Monday, September 10, 2012

Advice for your enlisted

Advice. Let's face it: everyone has advice to give about your Navy career, and especially about what your sailors should and should not be doing.

I think my sailors have heard it all at this point:
- You should be doing lots of community service
- You should be active in the JSA/FCPOA/command
- You should have lots of collateral duties

etc. etc. etc. It's almost mind-numbing anymore what gets put out to our enlisted sailors as what they need to do to become a chief.

I've tried to cut through all the silliness and focus on the facts, which I find in the CPO enlisted board precepts:

http://www.public.navy.mil/BUPERS-NPC/BOARDS/ACTIVEDUTYENLISTED/Pages/CPOSelectionBoards.aspx

Reading through the document, I get the sense that in general, Big Navy wants a well-rounded individual, but that the biggest driver is superior performance of duties. The nice thing about the precepts is that I can find lots of little things that I can help my sailors work on.

To use an example from a previous command, let's say you have a hot running sailor that is your number 1 EP. He is running the division, making stuff happen, and a great operator to boot. What do you tell that sailor? If you say "Keep doing what you're doing!"...you're wrong. You've lost that opportunity to help the sailor grow and become the best candidate for chief.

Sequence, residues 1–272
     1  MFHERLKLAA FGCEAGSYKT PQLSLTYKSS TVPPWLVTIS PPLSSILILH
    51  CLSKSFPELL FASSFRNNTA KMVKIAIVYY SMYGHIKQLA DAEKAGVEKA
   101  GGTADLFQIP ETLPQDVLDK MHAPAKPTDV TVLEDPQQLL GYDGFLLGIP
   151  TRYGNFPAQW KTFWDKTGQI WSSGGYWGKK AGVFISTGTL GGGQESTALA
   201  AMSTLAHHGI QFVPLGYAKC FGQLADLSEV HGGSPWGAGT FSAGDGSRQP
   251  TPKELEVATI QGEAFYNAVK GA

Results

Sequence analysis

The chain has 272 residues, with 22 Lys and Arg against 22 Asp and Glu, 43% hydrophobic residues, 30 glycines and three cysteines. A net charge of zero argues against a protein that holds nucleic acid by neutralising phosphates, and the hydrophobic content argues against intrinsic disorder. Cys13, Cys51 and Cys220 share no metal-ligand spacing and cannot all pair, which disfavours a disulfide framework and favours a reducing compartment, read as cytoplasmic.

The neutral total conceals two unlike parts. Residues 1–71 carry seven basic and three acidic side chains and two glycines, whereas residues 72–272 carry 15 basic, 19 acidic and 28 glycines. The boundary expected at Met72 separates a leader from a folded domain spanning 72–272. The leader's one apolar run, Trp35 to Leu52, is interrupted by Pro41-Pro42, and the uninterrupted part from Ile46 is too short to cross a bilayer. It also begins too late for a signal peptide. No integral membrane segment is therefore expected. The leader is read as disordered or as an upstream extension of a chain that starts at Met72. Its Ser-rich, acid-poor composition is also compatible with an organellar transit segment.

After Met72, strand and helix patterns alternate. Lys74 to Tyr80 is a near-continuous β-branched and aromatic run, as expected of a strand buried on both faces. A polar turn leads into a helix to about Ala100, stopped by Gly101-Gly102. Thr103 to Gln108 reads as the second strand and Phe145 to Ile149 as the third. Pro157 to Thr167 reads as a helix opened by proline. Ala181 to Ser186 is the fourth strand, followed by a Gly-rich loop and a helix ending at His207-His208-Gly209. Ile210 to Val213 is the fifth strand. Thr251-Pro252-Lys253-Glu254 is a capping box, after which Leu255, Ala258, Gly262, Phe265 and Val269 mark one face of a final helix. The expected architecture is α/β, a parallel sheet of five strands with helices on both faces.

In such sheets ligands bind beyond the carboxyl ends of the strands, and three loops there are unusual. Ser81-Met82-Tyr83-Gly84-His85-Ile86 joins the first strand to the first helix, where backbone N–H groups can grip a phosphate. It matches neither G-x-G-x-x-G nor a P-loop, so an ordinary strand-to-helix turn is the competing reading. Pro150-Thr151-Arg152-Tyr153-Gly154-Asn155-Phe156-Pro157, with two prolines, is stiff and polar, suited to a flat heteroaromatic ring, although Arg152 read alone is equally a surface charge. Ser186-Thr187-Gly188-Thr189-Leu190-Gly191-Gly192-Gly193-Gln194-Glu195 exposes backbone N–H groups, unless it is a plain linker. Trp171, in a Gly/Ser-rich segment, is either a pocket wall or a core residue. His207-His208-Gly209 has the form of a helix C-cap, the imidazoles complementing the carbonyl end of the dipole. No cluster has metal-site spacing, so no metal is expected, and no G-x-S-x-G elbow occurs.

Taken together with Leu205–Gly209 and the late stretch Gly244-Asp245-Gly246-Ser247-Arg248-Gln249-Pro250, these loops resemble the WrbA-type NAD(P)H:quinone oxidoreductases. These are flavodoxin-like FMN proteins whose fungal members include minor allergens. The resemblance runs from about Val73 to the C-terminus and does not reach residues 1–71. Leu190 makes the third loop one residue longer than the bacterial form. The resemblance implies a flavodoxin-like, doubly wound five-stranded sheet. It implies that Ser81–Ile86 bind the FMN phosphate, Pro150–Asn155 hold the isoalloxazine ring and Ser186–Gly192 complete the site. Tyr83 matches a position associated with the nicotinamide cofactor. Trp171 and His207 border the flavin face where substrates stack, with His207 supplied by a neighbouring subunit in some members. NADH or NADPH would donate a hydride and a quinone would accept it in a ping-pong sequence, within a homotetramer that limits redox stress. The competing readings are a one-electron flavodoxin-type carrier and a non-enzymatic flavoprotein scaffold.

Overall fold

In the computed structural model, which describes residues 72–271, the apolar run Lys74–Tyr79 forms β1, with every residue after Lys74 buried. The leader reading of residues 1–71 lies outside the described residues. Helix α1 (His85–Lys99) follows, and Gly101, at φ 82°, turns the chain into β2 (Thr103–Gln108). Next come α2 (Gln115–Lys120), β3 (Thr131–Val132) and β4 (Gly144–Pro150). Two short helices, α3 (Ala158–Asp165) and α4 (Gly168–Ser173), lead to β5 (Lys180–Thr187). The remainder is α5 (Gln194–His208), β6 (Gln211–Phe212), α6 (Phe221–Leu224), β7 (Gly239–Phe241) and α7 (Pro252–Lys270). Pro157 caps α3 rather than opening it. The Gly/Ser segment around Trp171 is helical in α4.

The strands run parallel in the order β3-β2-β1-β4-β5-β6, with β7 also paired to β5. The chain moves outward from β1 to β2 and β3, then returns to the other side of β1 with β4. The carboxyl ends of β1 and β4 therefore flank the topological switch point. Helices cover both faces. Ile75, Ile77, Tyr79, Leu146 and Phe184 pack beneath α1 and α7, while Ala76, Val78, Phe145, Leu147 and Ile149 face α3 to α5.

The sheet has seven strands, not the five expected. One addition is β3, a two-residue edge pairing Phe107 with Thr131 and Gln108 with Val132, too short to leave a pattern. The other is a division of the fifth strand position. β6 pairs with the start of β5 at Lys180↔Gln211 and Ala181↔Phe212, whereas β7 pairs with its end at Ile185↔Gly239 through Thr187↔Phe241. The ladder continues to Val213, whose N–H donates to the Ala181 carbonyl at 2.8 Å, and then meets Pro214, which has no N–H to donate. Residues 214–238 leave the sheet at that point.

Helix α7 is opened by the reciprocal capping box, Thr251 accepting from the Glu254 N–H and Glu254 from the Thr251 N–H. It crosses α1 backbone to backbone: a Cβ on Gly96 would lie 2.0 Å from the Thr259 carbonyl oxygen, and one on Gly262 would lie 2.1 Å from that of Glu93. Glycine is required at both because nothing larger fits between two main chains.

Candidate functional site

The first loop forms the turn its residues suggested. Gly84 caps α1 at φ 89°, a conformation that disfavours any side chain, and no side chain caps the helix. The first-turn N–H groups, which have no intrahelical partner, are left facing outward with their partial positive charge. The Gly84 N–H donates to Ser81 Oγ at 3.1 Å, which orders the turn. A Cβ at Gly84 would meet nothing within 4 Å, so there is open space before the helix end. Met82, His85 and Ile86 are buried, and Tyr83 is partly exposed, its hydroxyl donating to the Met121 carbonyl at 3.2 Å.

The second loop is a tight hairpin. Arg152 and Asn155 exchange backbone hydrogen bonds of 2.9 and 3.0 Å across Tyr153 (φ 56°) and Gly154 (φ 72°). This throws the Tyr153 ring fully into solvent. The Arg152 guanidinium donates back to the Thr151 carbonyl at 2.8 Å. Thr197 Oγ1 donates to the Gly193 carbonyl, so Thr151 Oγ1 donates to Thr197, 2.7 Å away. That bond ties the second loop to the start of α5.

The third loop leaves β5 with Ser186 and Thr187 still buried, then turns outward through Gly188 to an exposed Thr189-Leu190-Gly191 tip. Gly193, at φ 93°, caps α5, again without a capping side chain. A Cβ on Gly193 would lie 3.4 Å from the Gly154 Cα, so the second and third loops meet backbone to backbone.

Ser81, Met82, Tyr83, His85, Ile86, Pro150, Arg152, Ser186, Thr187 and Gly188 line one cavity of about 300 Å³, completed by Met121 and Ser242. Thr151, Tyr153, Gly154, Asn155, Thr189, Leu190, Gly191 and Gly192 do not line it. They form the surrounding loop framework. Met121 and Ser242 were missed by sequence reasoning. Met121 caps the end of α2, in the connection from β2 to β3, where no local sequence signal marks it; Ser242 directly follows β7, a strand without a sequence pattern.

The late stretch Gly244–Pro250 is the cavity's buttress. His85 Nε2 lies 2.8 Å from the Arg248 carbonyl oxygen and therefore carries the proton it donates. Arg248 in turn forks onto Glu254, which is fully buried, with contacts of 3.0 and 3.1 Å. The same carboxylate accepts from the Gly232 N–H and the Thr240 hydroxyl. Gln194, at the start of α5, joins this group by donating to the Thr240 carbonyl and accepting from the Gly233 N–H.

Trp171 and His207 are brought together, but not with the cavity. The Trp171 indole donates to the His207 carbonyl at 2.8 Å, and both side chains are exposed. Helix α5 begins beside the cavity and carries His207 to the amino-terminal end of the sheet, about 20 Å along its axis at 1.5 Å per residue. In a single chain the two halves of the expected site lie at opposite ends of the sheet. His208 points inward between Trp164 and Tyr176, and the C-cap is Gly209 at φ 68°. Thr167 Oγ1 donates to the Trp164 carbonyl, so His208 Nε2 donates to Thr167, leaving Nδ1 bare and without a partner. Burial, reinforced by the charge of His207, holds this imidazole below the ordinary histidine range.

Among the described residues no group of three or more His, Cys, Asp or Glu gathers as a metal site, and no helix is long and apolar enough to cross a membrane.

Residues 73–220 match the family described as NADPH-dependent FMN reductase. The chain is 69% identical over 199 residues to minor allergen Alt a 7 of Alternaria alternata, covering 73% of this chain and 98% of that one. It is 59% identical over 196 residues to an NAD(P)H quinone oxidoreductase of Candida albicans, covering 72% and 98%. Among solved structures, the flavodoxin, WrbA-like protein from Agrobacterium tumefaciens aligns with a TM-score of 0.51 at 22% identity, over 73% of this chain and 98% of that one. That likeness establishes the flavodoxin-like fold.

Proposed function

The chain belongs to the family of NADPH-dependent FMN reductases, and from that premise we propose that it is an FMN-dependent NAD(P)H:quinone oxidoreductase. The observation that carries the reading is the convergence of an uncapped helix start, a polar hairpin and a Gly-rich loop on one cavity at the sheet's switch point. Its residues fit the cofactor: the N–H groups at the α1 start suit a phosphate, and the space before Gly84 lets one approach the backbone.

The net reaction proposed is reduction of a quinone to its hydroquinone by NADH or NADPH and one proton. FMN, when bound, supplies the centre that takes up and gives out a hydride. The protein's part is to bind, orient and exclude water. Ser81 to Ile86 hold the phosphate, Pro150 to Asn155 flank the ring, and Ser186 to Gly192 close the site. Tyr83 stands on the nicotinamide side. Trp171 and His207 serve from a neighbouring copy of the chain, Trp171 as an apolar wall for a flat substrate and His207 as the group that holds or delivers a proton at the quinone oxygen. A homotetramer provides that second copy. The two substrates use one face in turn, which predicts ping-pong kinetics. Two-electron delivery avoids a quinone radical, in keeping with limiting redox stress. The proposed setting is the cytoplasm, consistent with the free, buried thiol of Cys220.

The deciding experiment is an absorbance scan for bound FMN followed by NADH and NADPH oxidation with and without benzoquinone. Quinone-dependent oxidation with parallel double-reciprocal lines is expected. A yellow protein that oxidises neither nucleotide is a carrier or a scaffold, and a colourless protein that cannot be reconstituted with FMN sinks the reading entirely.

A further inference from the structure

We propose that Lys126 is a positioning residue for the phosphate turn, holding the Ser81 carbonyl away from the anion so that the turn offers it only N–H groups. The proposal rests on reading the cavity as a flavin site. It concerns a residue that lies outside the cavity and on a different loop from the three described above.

In my case, I dug through the precepts and found some missing items for my sailor. One was a degree, and the second was service and joint professional military education. Using the precepts, I helped orient my sailor towards how to improve himself and his chances for making chief. I used that opportunity to help a good sailor continue to grow into their (hopefully future) role as a chief.

Low performing sailors are easy to counsel, because it is (sometimes painfully) obvious what that person has to work on. It's the sailors on the cusp of greatness that need the most attention. Don't ever turn down the opportunity to help your top sailors excel. As a division officer, where you are often the first commissioned officer in their chain of command, you have a lot of influence and control a good portion of their daily work lives. Using that to help your best sailors rise to the top isn't just doing your job...it's the unspoken expectation of you as a Naval Officer.

1 comment:

  1. True mentorship and meaningful counseling is no longer the standard (maybe it never was and I was just fortunate?). Thanks for being an exception by making the time to mentor directly and through this blog. Great work! I'd say keep doing what you're doing, but to your point, what else could/should you be doing? How are you rallying your peers? How are you holding your seniors accountable?

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